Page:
17th March 2020
Economic Sanctions & AML
What Are Economic Sanctions?
Economic sanctions are instruments of foreign policy that are imposed by countries or international organizations on other countries, or on entities and individuals within those countries. Designed to penalize illegal activities, including financial crimes, humanitarian crimes and terrorism, or to achieve diplomatic objectives, economic sanctions specifically prevent firms and individuals from doing business in, or with, countries named on a sanctions list.
Types of sanctions: Depending on diplomatic and political objectives, economic sanctions may be implemented as:
- Embargoes preventing the provision of goods and services to another country
- Tariffs on imported goods
- Quotas on imports and exports
- Non-tariff barriers, such as licensing or packaging requirements or standards for imports
- Asset freezes on goods and funds
Economic sanctions can be imposed comprehensively, meaning that they target entire countries, or they can be imposed as selective economic sanctions, meaning that they are targeted against individuals, entities or groups. Economic sanctions are devised by governments or international authorities, such as the United Nations Security Council, and enforced by domestic financial authorities. In the United States, for example, sanctions are enforced by the Office of Foreign Assets Control (OFAC).
The complexities of cross-border banking and financial systems and the diversity of global regulatory environments mean that countries and individual criminals are often able to exploit vulnerabilities to launder money and finance terrorist activities. By restricting and preventing business relationships with and within these countries, economic sanctions have become a foundation of anti-money laundering policies in jurisdictions across the world. Accordingly, financial institutions must integrate economic sanctions searches as part of their risk-based anti-money laundering programs: an obligation that requires firms to screen and monitor their customers and transactions.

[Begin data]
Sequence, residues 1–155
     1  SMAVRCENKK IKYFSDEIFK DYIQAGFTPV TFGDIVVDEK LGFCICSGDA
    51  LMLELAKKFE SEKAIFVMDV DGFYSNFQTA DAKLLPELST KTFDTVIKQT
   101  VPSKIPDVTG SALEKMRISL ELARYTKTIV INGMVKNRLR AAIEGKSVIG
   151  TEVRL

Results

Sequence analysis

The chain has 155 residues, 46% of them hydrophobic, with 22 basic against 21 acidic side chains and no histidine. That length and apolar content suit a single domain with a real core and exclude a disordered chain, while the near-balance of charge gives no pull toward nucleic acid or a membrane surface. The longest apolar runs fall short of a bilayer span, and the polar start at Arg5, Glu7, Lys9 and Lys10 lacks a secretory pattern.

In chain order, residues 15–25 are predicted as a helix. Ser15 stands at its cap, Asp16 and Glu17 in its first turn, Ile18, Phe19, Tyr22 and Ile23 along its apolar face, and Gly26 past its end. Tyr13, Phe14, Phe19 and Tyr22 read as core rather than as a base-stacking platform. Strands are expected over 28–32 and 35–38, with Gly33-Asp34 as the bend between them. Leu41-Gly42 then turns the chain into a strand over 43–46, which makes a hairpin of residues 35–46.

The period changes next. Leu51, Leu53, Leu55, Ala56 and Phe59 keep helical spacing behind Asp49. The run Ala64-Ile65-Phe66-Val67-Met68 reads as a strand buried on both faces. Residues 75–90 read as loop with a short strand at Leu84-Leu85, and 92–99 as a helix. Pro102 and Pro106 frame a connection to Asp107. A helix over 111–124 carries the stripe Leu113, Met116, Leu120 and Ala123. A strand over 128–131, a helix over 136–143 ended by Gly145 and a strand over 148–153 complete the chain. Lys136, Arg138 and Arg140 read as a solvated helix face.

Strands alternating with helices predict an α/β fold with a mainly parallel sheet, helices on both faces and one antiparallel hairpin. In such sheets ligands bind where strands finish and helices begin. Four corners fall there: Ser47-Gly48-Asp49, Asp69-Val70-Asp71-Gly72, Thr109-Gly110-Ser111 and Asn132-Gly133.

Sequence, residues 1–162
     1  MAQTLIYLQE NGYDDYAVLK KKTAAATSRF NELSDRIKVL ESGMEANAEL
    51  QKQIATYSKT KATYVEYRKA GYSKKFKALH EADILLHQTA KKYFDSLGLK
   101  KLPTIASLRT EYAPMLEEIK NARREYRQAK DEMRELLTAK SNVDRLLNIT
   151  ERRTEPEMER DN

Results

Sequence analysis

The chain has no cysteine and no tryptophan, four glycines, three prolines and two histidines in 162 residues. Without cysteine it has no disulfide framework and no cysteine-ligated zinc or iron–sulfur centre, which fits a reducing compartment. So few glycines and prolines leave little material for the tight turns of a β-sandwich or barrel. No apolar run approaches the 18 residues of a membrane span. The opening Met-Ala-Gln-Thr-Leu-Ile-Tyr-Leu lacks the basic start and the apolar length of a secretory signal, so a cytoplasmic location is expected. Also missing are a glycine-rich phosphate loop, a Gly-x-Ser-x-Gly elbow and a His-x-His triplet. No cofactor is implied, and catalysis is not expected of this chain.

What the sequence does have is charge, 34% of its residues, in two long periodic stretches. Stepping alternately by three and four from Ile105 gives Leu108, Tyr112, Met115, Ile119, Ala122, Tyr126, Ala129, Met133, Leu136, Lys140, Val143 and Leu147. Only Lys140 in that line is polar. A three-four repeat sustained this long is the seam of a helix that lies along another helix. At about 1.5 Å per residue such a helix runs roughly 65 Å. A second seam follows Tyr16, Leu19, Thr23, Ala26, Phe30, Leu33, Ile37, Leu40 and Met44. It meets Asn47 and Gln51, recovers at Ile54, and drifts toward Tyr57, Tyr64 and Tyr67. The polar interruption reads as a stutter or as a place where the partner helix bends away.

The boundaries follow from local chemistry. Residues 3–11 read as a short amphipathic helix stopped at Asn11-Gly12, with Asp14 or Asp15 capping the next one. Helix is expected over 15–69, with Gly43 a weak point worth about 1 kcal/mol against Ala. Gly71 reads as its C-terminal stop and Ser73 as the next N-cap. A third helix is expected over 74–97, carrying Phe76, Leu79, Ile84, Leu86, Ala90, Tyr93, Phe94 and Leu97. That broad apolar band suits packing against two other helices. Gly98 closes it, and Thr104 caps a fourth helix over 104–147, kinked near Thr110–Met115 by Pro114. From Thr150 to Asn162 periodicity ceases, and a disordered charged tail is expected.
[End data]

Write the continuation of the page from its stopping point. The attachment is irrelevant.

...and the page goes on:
Noncompliance with economic sanctions may result in fines and criminal charges. In 2019, OFAC issued around $1.29 billion in penalties against 22 firms for sanctions breaches — up from $71.5 million against seven firms in 2018.
Sanctions screening and monitoring can be complex and challenging. While many money launderers use pseudonyms or aliases, it also may be difficult for firms to verify customer identities thanks to duplicate names, missing information or unfamiliar naming conventions. In many cases, sanctions screening can generate false positives and, worse, false negatives, so it is also important that each institution implements a solution that delivers a satisfactory level of compliance performance.
In 2019, OFAC issued a framework to help US firms implement and shape their economic sanctions compliance programs. The document includes guidance on meeting compliance obligations, setting up internal controls and auditing for vulnerabilities. With that in mind, when devising a sanctions program, firms should consider several important principles, including:
- Regular updates: Economic sanctions are issued and withdrawn frequently, so firms should also ensure that their screening and monitoring measures are responsive enough to adapt to those changes.
- Geographic location: Firms should ensure their sanctions screening measures are relevant to the jurisdiction in which they operate and can discern between comprehensive and selective sanctions.
- Data analysis: In order to screen sanctions lists and monitor changes in risk, firms must verify a range of data. Data collection and analysis software must be able to facilitate that process efficiently and accurately to create rich customer profiles.
- Accuracy and fuzzy logic: Screening and monitoring processes must take naming conventions, nicknames and pseudonyms into account when searching sanctions lists. Similarly, screening software should be capable of using fuzzy logic to identify duplicate entries on lists or to fill in gaps of missing data.
Firms must dedicate technology, resources and expertise to their AML and economic sanctions compliance needs, including training staff to manage the growing sanctions burden. Where an in-house compliance program is not possible or prudent, firms should seek third-party support to find a solution that meets their needs and risk profile.